Researchers monitored nearly 1,000 gay male couple across Europe over an 8-year period, where one partner was HIV-positive and undergoing ART and the other didn't have the virus.
A groundbreaking study has revealed that the risk of passing on the human immunodeficiency virus (HIV) is completely eliminated when HIV-positive individuals are undergoing antiretroviral therapy (ART) to suppress the virus. However, officials later determined through DNA testing that 15 of the initially HIV-negative participants did test positive for the virus, but that they'd contracted it from a third party who was not on ART.
A European study of almost 1,000 gay male couples who had sex without condoms - where one partner had HIV and was taking antiretroviral drugs to suppress it - has found the treatment can prevent sexual transmission of the virus.
Doctors did not find one single case of in-couple HIV transmission within that time. It also found zero risk.More news: Tom Brady throws football through Matt Damon's window in Jimmy Kimmel skit
"Our findings provide conclusive evidence for gay men that the risk of HIV transmission with suppressive ART is zero", said Alison Rodger, a professor at University College London who co-led the research.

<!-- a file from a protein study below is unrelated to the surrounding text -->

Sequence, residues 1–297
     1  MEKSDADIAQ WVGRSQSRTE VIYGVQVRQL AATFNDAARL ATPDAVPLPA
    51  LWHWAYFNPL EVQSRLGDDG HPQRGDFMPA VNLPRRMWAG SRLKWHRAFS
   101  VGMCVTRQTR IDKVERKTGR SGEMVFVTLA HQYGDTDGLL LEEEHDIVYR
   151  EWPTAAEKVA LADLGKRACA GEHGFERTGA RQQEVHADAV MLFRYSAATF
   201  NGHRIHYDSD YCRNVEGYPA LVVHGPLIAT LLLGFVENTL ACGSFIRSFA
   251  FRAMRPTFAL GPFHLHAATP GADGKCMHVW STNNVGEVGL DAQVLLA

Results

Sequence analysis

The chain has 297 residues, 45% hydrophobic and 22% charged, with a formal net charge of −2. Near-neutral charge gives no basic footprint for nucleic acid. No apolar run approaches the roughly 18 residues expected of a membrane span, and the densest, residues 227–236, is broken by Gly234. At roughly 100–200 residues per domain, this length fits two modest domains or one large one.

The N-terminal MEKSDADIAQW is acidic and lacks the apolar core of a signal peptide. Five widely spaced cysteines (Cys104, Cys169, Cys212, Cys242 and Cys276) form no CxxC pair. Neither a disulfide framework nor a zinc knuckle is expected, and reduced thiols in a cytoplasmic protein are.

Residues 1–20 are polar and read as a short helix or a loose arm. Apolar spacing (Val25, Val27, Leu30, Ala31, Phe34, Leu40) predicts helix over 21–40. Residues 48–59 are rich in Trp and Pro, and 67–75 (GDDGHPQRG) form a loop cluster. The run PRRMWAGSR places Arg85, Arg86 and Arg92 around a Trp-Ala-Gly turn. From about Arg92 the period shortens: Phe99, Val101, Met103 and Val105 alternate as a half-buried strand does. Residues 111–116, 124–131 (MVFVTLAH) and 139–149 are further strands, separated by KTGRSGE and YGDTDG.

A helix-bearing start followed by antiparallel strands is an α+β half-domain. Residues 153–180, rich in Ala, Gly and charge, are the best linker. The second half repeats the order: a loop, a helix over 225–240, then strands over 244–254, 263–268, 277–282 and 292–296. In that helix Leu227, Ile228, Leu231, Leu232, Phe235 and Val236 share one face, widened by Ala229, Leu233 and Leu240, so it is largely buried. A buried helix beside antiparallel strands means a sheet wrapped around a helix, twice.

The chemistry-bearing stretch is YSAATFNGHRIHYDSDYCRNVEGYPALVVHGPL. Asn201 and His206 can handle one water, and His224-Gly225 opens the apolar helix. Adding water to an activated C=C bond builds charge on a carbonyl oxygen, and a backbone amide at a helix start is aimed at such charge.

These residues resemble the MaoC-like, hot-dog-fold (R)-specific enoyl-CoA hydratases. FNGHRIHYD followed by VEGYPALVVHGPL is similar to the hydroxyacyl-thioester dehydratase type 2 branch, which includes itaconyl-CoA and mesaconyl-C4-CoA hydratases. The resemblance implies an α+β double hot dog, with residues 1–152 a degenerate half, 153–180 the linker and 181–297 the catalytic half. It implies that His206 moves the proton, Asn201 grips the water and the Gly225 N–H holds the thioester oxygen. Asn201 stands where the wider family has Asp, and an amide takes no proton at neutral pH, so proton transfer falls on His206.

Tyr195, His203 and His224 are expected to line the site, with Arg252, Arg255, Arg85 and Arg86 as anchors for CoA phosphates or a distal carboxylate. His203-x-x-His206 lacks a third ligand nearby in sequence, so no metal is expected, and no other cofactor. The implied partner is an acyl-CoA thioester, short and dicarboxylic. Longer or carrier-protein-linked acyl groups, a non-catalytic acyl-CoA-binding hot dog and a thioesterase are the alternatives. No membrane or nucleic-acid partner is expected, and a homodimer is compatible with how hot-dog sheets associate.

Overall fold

The unidentified man named "the London patient" has been free of the virus for 18 months, and has not had to use treatment to make his HIV undetectable after a stem cell transplant was used to treat his cancer.
Michel Sidibé, executive director of of the Joint United Nations Programme on HIV and AIDS (UNAIDS), hailed the study's conclusions. In the absence of ART, on the basis of the frequency and type of sex, for receptive condomless anal sex acts alone approximately 472 transmissions (95% CI 83-714) would have been expected. "This is excellent news". This powerful message can help end the HIV pandemic by preventing HIV transmission, and tackling the stigma and discrimination that many people with HIV face'.
The number of deaths dropped by 50,000 year-on-year to 940,000, compared to 1.9 million in 2005 when a mere 2.1 million infected people had access to life-lengthening ART.More news: Trump and Putin Discussed Mueller Report During Call, Sarah Sanders Confirms
More than 38,000 Americans were diagnosed with HIV in 2018, and there were 6,160 deaths in the U.S. in 2016 that were directly attributed to HIV. "The vast majority of people living with HIV are in low- and middle-income countries", UNAIDS says.
AIDS has killed 35 million people since it emerged in the 1980s and 78 million people have been infected with HIV. Of those cases, more than 35 million died from AIDS-related illnesses.
The study's results show the drugs have lowered the virus to undetectable levels in the blood, which means HIV can not be passed on via sexual intercourse.More news: Wobbling black hole spewing jets of plasma distorts spacetime